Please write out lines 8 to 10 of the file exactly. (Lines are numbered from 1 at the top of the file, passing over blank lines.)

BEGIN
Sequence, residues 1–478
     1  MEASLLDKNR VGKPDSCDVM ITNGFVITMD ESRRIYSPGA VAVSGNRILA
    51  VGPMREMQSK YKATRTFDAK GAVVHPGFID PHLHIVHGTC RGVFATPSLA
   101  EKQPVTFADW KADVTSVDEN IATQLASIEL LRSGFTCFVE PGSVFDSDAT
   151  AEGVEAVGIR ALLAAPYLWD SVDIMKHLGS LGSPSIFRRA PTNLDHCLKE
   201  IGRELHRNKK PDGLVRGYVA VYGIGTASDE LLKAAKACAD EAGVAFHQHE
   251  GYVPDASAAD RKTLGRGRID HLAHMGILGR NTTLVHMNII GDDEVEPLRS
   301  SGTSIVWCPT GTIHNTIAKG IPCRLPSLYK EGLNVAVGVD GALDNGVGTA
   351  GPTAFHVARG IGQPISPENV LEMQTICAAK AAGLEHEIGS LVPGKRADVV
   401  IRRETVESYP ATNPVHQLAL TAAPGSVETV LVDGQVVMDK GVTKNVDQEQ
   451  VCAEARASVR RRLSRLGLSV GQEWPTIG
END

   301  SGTSIVWCPT GTIHNTIAKG IPCRLPSLYK EGLNVAVGVD GALDNGVGTA
   351  GPTAFHVARG IGQPISPENV LEMQTICAAK AAGLEHEIGS LVPGKRADVV
   401  IRRETVESYP ATNPVHQLAL TAAPGSVETV LVDGQVVMDK GVTKNVDQEQ